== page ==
No crib for a bed: Brits plot Xmas cuts and festive joy

christmas 2021_2There may still be nearly five months until Christmas Day – and 151 sleeps – but it seems the old age of “forewarned is forearmed” could be more relevant than ever this year, with almost two thirds of UK adults planning to cut back their festive spending in 2023 due to the cost of living crisis.

So says a new survey of 2,000 UK adults, Christmas Amidst the Crunch 2, commissioned by the IPA and carried out by Opinium.

It shows that while 64% of all Brits will be slashing their spending compared to last year, this figure is particularly pronounced for the younger generations, aged 18 to 24, with 82% of them planning Christmas cutbacks, and for all adult women, at 68% compared to all adult men at 60%.

The hospitality sector looks set to be particularly impacted by these moves, with almost a quarter (24%) of all consumers stating that they will be reducing their spend on meals out and almost a fifth (19%) reducing their visits to bars and clubs.

Meanwhile, 23% have said they will be reducing their spend on new clothes; 21% will be cutting back on presents for extended family and 20% say they will scale back their spend on premium groceries/drinks (branded, luxury ranges).

Nearly half (48%) of Brits stated that they will be using their savings to finance this year’s Christmas spend, rising to 58% of 18 to 24s. A further 13% of all adults intend to use credit to pay for festive shopping, rising to 17% of 35 to 54s, while 10% will be using “Buy Now, Pay Later” schemes, rising to almost double that (19%) for 25 to 34s.

Consumers will also be hunting for bargains, with over half of UK adults (51%) intending to spend during Black Friday and a third (33%) looking to spend up to a quarter of their Christmas shopping budget during this time.

This figure is considerably higher for the 18 to 24 age-range, with 79% intending to shop during Black Friday and 43% intending to spend up to a quarter of their Christmas budgets then. In addition, nearly a quarter of all adults (22%) and 50% of 18 to 24s are planning on taking part in Boxing Day and January sales.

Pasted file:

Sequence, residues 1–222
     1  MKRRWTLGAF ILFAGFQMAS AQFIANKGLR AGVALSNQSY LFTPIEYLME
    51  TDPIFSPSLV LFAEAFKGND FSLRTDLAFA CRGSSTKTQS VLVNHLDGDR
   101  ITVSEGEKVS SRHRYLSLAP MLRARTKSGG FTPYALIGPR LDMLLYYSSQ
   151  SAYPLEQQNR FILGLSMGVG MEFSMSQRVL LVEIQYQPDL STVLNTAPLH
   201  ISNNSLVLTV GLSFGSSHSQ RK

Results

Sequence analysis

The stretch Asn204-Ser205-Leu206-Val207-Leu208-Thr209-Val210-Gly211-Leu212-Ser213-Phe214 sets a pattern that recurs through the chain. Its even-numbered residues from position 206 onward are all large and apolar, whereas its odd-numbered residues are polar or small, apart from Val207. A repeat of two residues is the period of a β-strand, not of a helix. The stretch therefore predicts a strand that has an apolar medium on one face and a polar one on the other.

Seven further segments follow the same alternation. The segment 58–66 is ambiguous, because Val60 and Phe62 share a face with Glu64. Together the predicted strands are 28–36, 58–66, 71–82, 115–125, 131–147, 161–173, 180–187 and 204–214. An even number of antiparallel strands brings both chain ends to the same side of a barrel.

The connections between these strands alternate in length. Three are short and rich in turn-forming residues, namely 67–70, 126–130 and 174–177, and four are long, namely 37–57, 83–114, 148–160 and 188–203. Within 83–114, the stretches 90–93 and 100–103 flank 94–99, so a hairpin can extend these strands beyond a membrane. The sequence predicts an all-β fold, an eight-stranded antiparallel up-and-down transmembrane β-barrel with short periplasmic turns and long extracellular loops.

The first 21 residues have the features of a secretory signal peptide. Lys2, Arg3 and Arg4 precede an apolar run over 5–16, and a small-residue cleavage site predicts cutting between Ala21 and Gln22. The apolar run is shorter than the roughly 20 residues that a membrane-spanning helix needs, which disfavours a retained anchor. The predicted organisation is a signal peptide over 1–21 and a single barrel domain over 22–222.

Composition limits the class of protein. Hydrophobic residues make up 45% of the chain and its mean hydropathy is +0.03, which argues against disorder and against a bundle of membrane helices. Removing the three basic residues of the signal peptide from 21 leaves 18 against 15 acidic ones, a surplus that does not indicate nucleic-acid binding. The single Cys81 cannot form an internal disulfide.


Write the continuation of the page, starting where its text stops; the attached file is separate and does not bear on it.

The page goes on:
With the cost of living crisis still raging, there is an increasing acceptance of secondhand gifting for Christmas this year, according to the survey. Two-thirds of all adults (67%) state that they would be happy to receive a secondhand or refurbished gift, with the most popular options being books (34%), jewellery (21%) and clothes (20%).

In addition, half of people would consider giving a secondhand or refurbished gift to an adult (49%) or child (51%). Key considerations when giving secondhand or refurbished gifts are affordability (47%), a greater chance of a bargain (35%), sustainability (33%) and the proceeds going to a good cause (31%).

In terms of pointers for brands, Christmas Amidst the Crunch 2, reveals that almost a third (31%) of UK adults say they are more likely to do Christmas shopping with brands and retailers that prioritise sustainability, rising to 51% among those aged 18 to 34, while half (50%) are open to purchasing Christmas gifts from new and emerging brands.

In addition, around a third (31%) are open to using AI for Christmas gifting ideas this year, rising to over half (51%) in the 18 to 34 age group.

In terms of the communications from brands around Christmas, most consumers want them to be festive (37%), funny (21%), nostalgic (20%) and value focused (20%). In addition, nearly half (46%) of consumers want to see Christmas advertising that reminds them of better times.

Commenting on the findings, IPA senior insight manager Jamie Britton said: “This survey reveals the true impact that the prolonged cost of living crisis, coupled with rising interest rates, is having on consumers’ spending plans.

“It is particularly significant here, given that the Christmas season is known to be the season for giving. To navigate this tough environment, brands must pay attention to these consumer intentions and ensure they are gauging and appealing to the mood of the nation in both their advertising and their seasonal offerings.”

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